President Trump isn’t the only one who’s confused.
Donald Trump isn’t the only one confused about whether we should prefer a stronger or weaker dollar.
Almost all investors are too.
Fortunately, however, you don’t have to call the national security adviser at 3 a.m. to find out.
That’s because I am going to give you the answer in this column:
The S&P 500 index (SPX) sometimes has risen in the wake of a strengthening dollar DXY, +0.24% and at other times has fallen. And this is exactly what we should expect, according to Campbell Harvey, a finance professor at Duke University’s Fuqua School of Business. The relationship between equities and the dollar, he told me in an interview, is not a simple cause-and-effect relationship.
Even when it might look like a strong or weak dollar is having a positive or negative effect on stock prices, he explained, it’s most likely that something else is impacting both. For example, a strengthening economy could very well lead to both a stronger dollar and a higher stock market. But then it’s the economy that is the cause of higher stock prices, not the dollar.
The investment implication is clear: Don’t base your stock-market forecast on your outlook for the dollar.
Does this advice apply to individual companies as well? Might it be the case that certain firms will be hurt by a stronger dollar, for example?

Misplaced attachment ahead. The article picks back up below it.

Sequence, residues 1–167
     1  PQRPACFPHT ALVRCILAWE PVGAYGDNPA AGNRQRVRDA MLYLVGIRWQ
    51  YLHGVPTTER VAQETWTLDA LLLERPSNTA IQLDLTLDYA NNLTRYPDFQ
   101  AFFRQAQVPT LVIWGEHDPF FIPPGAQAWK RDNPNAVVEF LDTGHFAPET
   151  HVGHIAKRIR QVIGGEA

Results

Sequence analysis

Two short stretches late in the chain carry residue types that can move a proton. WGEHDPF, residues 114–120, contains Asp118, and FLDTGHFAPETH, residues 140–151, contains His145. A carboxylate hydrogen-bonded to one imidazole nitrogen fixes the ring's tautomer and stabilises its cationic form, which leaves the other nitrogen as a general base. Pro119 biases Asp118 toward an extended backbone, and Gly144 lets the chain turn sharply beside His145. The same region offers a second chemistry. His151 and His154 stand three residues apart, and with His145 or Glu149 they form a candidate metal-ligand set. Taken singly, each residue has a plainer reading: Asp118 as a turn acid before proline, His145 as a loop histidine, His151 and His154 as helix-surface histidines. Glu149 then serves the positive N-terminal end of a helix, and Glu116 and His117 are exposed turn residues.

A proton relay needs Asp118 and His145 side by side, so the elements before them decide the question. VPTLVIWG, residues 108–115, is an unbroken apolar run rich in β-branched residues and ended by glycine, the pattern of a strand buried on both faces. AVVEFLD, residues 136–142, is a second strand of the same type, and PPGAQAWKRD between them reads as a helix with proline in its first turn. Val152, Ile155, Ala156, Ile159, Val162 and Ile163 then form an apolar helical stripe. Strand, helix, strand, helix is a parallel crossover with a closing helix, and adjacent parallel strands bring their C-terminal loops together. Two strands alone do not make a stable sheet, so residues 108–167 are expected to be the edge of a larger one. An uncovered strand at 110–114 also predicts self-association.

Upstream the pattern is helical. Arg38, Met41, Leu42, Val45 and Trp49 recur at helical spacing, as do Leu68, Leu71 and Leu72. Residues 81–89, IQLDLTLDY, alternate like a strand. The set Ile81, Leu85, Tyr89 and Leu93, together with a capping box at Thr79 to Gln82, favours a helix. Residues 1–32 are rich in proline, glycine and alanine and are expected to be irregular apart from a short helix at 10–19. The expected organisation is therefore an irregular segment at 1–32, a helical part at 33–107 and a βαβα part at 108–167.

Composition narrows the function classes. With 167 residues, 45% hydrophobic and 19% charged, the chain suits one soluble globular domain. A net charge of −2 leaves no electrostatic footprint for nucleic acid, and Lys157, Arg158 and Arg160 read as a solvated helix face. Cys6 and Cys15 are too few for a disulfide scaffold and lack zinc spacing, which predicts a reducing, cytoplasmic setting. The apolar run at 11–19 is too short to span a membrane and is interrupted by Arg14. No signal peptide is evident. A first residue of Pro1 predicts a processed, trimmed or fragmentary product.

In theory the answer is yes, though even here the cause-and-effect relationship is anything but straightforward. It could very well be, as companies often claim when trying to excuse poorer-than-expected earnings, that the stronger dollar reduces the dollar value of their foreign sales. But what those companies never tell you is how many of their costs of production are also non-dollar-denominated—costs that will be reduced because of the stronger dollar.
Furthermore, as Harvey points out, a company’s currency-hedging operations could very well eliminate some or all of the positive or negative impacts that the dollar’s fluctuations otherwise would have. Even if a company divulges the extent of its currency hedging operations, it still can be difficult in advance to determine what the net effect of those operations will be.
None of this means that the dollar’s foreign-exchange value isn’t important, or that you shouldn’t care about it as a matter of general public policy. But when it comes to your stock portfolio, there are many more important factors on which it is better to focus.
Courtesy of MarketWatch